Everton were to underline to Bradford that there is merit still in producing your own talent.  They gave a full Premiership debut to a young striker, Philip Jevons, just 20 years old.  In the continued absence of Kevin Campbell, he partnered Mark Hughes who was already an apprentice at Manchester United when Jevons was born.  The youngster was to play a decisive part in the victory, providing the final pass for the first goal and winning a penalty for the second.

"He has been playing well in the reserves and needed the extra challenge of the first team.  He has developed well since I have been at the club and has deserved his opportunity," said his manager, Walter Smith.

Certainly, Bradford could have done with somebody of his energy and awareness of space for they never ruffled an Everton defence reverting to a back four to handle their wingers, Peter Beagrie and Sharpe.

It was the worst possible start for Bradford, with Everton slicing through them after one minute and 14 seconds.  Don Hutchison started the move and Jevons provided the telling pass for Mark Pembridge to drive home.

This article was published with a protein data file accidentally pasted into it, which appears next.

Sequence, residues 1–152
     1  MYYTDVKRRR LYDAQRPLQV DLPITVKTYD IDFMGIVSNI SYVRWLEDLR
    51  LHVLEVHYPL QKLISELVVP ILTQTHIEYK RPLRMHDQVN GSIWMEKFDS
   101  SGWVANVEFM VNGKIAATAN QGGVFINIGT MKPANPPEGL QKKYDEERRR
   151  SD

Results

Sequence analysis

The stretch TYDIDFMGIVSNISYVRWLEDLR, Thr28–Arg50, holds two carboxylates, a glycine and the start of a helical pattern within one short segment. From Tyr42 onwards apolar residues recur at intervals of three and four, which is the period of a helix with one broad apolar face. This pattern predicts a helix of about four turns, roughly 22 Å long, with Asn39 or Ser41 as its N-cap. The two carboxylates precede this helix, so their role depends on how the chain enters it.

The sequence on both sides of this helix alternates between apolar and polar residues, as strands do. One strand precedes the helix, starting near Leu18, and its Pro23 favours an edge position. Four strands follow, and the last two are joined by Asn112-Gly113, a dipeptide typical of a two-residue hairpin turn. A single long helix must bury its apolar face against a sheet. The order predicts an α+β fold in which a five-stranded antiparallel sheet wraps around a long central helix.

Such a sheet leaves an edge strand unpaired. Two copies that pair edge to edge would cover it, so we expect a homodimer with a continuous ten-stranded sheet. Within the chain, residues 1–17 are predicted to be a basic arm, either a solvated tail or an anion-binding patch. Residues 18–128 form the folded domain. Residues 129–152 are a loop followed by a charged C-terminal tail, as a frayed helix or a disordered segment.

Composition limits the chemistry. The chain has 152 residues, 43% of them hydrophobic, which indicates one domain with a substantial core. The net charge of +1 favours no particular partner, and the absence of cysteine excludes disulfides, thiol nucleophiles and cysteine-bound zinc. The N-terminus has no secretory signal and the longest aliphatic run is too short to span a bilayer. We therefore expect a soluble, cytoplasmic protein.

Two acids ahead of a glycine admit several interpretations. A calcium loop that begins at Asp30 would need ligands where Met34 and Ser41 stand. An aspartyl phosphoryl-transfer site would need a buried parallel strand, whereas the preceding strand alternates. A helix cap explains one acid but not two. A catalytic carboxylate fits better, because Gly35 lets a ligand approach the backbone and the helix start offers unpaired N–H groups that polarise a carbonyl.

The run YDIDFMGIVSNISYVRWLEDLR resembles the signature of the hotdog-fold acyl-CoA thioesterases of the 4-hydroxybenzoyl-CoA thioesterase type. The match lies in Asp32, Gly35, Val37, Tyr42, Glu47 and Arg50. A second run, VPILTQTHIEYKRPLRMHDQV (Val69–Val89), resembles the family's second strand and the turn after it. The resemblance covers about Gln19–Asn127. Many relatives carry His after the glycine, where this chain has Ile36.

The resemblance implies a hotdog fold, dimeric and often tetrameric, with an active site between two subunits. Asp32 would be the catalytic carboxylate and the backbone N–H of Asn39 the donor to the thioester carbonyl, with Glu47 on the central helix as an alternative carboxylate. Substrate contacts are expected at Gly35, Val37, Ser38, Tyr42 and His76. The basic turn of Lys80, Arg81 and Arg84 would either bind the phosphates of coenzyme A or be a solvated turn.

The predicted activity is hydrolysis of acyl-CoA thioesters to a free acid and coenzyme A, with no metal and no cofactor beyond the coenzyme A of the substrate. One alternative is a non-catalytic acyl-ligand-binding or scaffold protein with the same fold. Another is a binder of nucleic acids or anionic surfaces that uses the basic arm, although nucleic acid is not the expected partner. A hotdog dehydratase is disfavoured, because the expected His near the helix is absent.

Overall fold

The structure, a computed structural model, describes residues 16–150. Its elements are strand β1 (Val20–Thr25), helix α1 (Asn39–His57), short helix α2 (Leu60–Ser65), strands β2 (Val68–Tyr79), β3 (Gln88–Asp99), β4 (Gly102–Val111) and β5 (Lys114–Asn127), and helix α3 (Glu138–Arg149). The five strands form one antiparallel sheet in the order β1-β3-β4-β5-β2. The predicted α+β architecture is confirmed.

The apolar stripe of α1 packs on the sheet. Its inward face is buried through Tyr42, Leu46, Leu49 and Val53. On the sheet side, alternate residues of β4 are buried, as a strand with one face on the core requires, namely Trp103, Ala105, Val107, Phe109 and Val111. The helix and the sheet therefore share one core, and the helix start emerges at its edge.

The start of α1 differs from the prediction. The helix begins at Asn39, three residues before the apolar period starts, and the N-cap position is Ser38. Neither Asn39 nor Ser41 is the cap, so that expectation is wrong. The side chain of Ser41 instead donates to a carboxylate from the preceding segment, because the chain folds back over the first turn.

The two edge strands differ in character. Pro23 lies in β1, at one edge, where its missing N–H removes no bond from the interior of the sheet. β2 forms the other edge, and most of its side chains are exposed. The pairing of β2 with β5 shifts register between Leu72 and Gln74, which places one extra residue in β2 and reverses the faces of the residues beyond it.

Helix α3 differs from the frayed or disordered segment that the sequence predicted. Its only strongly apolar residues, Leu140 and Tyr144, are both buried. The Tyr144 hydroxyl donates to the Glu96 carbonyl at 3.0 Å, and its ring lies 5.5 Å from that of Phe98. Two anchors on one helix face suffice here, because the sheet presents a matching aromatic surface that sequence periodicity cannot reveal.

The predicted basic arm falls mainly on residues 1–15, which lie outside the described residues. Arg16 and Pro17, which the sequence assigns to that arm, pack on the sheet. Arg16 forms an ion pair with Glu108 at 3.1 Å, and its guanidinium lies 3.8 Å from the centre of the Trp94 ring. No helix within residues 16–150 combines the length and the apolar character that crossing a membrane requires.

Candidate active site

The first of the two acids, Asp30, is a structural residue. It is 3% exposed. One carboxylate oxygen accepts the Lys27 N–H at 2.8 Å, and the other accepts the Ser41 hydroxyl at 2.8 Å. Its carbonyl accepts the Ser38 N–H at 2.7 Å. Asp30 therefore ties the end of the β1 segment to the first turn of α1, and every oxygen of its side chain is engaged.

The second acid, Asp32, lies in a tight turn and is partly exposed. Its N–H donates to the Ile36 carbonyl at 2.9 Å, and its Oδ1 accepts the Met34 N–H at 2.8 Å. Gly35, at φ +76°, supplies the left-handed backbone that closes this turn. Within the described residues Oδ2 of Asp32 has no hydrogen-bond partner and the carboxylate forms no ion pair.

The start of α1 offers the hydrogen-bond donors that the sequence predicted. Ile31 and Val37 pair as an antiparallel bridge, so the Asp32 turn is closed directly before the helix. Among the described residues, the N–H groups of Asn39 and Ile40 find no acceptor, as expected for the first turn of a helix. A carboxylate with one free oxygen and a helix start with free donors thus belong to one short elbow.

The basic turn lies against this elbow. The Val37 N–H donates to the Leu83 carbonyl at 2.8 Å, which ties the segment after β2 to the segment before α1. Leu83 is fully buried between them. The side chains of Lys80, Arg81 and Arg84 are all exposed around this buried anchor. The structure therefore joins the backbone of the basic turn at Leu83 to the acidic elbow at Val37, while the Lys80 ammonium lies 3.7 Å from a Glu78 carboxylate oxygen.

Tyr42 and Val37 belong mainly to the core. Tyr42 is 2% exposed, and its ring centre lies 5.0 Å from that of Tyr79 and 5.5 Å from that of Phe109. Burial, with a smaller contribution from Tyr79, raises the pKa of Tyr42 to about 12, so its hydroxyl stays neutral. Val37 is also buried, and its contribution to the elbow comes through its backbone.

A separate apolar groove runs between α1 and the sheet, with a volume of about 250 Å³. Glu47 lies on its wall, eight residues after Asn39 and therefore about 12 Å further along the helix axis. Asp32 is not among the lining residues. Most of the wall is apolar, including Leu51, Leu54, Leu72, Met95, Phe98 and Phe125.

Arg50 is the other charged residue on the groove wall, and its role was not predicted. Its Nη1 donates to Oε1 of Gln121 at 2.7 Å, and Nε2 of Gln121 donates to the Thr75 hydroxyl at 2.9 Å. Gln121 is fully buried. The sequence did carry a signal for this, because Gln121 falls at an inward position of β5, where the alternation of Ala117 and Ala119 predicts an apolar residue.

When keeper Matthew Clarke pulled down Jevons in the 15th minute, the youngster making the most of his fall, David Unsworth left Bradford with an impossible mission by scoring from the penalty.

Everton were able to squander a whole catalogue of opportunities, though it must be said Saunders and Halle had sharp chances themselves to get City back into the game.  When Nick Barmby drove home Stephen Hughes' through ball in the 55th minute, you could almost see Bradford wilt.

They made a gesture and Paul Gerrard needed to make a fine double save from old Evertonian Stuart McCall and substitute Isaiah Rankin to keep his clean sheet.  As it was, it was John Collins who stepped forward from his emergency full-back position to round off the emphatic win from the edge of the area.

"We need to find seven points from somewhere if we are to have any chance of survival now," admitted Jewell.  Frankly, you can't see where they might come from.

Report © Times Newspapers Ltd

 Hutchinson leads Everton masterclass
by Richard Slater, The Independent

Put bluntly, Bradford are doomed.  In a performance lacking any of the attributes required by those fighting for their footballing futures spirit, determination, aggression they rolled over with barely a whimper of resistance against a well-oiled Everton machine, driven expertly by contract renegade Don Hutchison.